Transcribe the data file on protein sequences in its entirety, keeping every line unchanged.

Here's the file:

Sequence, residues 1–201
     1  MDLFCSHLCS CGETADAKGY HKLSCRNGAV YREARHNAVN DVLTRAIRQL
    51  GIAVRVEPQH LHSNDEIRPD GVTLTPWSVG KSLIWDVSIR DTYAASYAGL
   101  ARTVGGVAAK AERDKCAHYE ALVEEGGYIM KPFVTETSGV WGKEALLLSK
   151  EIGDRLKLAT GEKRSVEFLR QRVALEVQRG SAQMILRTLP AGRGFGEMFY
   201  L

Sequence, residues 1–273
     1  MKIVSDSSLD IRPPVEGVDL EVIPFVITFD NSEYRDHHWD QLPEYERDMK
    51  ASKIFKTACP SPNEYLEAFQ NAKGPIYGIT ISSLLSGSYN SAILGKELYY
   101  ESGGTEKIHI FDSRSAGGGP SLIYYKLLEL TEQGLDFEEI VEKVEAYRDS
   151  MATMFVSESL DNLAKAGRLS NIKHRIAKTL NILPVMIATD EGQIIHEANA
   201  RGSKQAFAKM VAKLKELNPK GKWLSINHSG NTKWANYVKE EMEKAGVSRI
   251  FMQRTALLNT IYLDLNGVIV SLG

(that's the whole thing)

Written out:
Sequence, residues 1–201
     1  MDLFCSHLCS CGETADAKGY HKLSCRNGAV YREARHNAVN DVLTRAIRQL
    51  GIAVRVEPQH LHSNDEIRPD GVTLTPWSVG KSLIWDVSIR DTYAASYAGL
   101  ARTVGGVAAK AERDKCAHYE ALVEEGGYIM KPFVTETSGV WGKEALLLSK
   151  EIGDRLKLAT GEKRSVEFLR QRVALEVQRG SAQMILRTLP AGRGFGEMFY
   201  L

Sequence, residues 1–273
     1  MKIVSDSSLD IRPPVEGVDL EVIPFVITFD NSEYRDHHWD QLPEYERDMK
    51  ASKIFKTACP SPNEYLEAFQ NAKGPIYGIT ISSLLSGSYN SAILGKELYY
   101  ESGGTEKIHI FDSRSAGGGP SLIYYKLLEL TEQGLDFEEI VEKVEAYRDS
   151  MATMFVSESL DNLAKAGRLS NIKHRIAKTL NILPVMIATD EGQIIHEANA
   201  RGSKQAFAKM VAKLKELNPK GKWLSINHSG NTKWANYVKE EMEKAGVSRI
   251  FMQRTALLNT IYLDLNGVIV SLG